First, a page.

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Currency Exchange Rate Benefits in Manufacturing

Mexican Peso Exchange Rate When Manufacturing in Mexico

Co-Production International spoke with Antonio Carranza, Finance Director and CFO for Goodridge Ltd. Carranza has over 20 years’ experience in financial planning, treasury management and hedging strategies.

How Can Manufacturers Hedge The Currency Exchange Market While Operating in 
Mexico?

When evaluating a potential site for manufacturing operations the value and stability of the currency is an important factor. Fixed expenses such as labor, electricity and industrial facility leasing, are in Mexico currency allowing manufacturers to realize savings.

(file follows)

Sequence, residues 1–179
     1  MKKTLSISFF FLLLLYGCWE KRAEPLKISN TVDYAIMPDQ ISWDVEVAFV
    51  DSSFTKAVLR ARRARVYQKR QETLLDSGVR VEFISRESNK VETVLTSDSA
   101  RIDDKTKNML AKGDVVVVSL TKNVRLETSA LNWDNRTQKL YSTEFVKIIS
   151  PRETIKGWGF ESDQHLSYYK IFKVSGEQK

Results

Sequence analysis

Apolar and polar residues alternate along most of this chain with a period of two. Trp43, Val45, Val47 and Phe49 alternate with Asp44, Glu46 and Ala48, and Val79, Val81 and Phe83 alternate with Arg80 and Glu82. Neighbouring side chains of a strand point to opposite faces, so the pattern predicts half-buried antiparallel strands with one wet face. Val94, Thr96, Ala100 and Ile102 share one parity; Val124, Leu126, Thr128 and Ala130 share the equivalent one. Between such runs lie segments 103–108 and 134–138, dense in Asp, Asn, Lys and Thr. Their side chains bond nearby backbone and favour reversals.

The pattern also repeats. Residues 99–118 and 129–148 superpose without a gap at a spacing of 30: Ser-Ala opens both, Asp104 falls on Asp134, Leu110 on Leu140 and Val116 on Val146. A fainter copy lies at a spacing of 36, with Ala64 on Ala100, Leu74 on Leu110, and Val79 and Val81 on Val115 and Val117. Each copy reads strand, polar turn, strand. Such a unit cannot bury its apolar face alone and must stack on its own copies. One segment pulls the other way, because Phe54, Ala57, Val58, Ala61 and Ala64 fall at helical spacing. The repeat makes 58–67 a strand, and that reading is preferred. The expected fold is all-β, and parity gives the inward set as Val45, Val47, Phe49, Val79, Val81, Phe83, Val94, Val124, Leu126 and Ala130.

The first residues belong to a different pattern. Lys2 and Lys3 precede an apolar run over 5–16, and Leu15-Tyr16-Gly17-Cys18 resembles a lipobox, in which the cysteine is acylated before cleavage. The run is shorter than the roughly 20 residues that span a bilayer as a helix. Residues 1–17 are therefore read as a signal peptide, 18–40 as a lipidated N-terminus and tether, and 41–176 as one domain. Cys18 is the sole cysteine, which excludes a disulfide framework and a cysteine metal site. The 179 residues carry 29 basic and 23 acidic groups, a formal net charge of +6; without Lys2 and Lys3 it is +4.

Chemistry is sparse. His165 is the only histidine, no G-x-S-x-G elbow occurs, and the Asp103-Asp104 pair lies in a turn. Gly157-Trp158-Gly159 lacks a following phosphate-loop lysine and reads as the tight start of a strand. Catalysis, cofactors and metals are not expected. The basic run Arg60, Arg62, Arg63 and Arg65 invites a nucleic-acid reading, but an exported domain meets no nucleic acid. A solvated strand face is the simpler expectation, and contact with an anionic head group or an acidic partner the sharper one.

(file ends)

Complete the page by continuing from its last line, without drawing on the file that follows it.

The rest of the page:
By working with a  shelter manufacturing services provider  like Co-Production International, the currency exchange fluctuations can improve your bottom line when exchanging dollars in Mexico to purchase local goods and services.

Major banks are now posting the peso between 18 and 19 pesos to the dollar, leading Co-Production International to explain the benefits of Mexican peso devaluation for nearshore manufacturers. Companies manufacturing in Mexico are finding that the cost of labor and fixed expenses continues to reduce their overhead costs as the peso declines and the dollar value in Mexican pesos increases.

Co-Production International spoke with Antonio Carranza, Finance Director and CFO for Goodridge Ltd. Carranza has over 20 years’ experience in financial planning, treasury management and hedging strategies.